Honoring governance pace-setters
On November 4, the stars of governance, compliance and risk management gathered in New York for Corporate Secretary’s eighth annual Corporate Governance Awards – and what a glittering evening it was.
Even as we’re glad to see some of the largest, most successful companies continue to be nominated in various categories for several years running, it’s gratifying each year to see a new crop of first-time nominees: it tells us the word is spreading and the awards’ prestige is growing. This year, San Francisco-based software producer Splunk walked away with the best proxy statement award for small to mid-cap companies. Other newbies include the Hershey Company, Hologic, Woodward and AMN Healthcare, which won the awards for best compliance and ethics program (small to mid-cap) and corporate governance team of the year (small to mid-cap).
The judges liked AMN Healthcare’s ethics champions program, in which managers serve as liaisons between the business units and the ethics and compliance committee to ensure a focus on ethics permeates the organization. That’s recognized as a best practice in fighting fraud.
After being honored in recent years for best proxy statement and best use of technology, General Electric finally took away one of the biggest awards: corporate governance team of the year (large cap). Amid ongoing M&A activity, including the sale of GE Capital and challenges from the Federal Reserve board, the company continued to set the pace as a governance innovator with redesigns of its 10K and proxy statement to make both more functional. The judges also liked GE’s ongoing attention to training, with three eligible governance lawyers selected for courses in the most senior level of training in GE’s leadership training academy.
It was also great to see both awards for governance professional of the year go to women. In the large-cap category, Cynthia Nastanski, senior vice president of corporate law and deputy corporate secretary, was recognized for being instrumental in shaping PepsiCo’s disclosures in governance practices, particularly around sustainability. She was also credited by the judges for the high level of buy-in from senior management that sustainability issues get, largely because of innovative programs she has introduced, which have gained high visibility.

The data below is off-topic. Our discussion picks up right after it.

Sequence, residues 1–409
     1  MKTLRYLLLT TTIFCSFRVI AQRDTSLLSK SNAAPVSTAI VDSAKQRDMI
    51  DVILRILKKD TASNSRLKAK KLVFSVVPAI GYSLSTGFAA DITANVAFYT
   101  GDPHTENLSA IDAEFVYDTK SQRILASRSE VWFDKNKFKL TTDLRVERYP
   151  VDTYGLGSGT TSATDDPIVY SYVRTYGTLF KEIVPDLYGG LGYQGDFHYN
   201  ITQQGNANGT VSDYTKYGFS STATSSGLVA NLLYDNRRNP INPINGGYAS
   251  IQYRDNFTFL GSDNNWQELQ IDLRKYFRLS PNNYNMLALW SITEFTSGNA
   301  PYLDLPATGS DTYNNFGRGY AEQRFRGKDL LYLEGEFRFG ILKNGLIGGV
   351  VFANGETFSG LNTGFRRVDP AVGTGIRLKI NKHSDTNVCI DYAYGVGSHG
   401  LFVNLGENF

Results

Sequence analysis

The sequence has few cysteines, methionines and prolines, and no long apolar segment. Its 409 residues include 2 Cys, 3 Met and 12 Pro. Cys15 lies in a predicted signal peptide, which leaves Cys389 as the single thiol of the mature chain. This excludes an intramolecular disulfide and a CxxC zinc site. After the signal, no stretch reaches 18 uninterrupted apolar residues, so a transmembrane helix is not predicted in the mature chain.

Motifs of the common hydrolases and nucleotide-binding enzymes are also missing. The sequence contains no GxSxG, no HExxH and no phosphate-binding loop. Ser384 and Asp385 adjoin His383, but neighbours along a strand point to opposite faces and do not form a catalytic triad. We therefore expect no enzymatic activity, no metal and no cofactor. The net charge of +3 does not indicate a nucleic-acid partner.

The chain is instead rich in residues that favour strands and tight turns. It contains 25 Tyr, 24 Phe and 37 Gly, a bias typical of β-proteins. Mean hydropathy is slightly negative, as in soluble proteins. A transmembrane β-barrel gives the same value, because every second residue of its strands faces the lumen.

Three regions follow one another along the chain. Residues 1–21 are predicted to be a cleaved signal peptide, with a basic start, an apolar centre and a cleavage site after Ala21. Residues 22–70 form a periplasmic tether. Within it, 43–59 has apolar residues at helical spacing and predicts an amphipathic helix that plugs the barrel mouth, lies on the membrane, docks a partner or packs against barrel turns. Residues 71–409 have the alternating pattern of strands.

In the small to mid-cap category, Jean Weng, deputy general counsel and corporate secretary at Voya Financial, drew praise for being largely responsible for Voya accomplishing so much in just two years as a public company since its spin-off from ING Group, with a team of just four. In addition to deserving credit for managing the process of recruiting an entirely new board of independent directors that is diverse in its gender, ethnic and experiential composition, the governance team under Weng’s supervision was cited for Voya’s holding of virtual annual meetings that allow broader shareholder participation.
Another woman of distinction was the recipient of the lifetime achievement award this year. Peggy Foran, Prudential Financial’s chief governance officer, was honored for nearly 20 years of work as a true pioneer in the field. Her visionary championing of plain English – instead of obfuscatory legalese – in corporate disclosures dates back to before governance was even seen as a profession. In 1998 she contributed to the groundbreaking SEC handbook, How to create clear SEC disclosure documents. In 2007 she was a key force in developing a prototype executive compensation section of a proxy statement that drew praise from then-SEC chair Christopher Cox. And as Pfizer’s governance chief in 2005, she was influential in that company’s early adoption of majority voting in director elections.
Perhaps there is no greater tribute to a governance innovator than what Amy Borrus, interim executive director of the Council of Institutional Investors, had to say: ‘Investors are among Peggy’s most ardent fans. She always strives to find common ground and is always willing to break new ground. And in every sphere, she is a star who helps others shine.’
All the winners will be profiled in our winter 2016 issue, coming out around the New Year, so keep an eye out for it.